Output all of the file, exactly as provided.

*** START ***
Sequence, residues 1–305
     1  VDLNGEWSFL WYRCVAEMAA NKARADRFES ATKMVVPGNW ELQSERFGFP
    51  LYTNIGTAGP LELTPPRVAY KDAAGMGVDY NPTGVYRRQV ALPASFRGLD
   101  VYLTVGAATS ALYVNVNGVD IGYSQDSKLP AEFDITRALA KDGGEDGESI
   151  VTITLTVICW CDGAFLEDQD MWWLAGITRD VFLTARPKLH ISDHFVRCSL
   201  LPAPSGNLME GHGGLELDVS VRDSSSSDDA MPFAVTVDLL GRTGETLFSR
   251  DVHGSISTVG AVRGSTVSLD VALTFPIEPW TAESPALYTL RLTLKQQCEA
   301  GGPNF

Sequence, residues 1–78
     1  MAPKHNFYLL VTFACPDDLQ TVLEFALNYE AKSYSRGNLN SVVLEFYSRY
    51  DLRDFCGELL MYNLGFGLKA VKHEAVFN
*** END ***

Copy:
Sequence, residues 1–305
     1  VDLNGEWSFL WYRCVAEMAA NKARADRFES ATKMVVPGNW ELQSERFGFP
    51  LYTNIGTAGP LELTPPRVAY KDAAGMGVDY NPTGVYRRQV ALPASFRGLD
   101  VYLTVGAATS ALYVNVNGVD IGYSQDSKLP AEFDITRALA KDGGEDGESI
   151  VTITLTVICW CDGAFLEDQD MWWLAGITRD VFLTARPKLH ISDHFVRCSL
   201  LPAPSGNLME GHGGLELDVS VRDSSSSDDA MPFAVTVDLL GRTGETLFSR
   251  DVHGSISTVG AVRGSTVSLD VALTFPIEPW TAESPALYTL RLTLKQQCEA
   301  GGPNF

Sequence, residues 1–78
     1  MAPKHNFYLL VTFACPDDLQ TVLEFALNYE AKSYSRGNLN SVVLEFYSRY
    51  DLRDFCGELL MYNLGFGLKA VKHEAVFN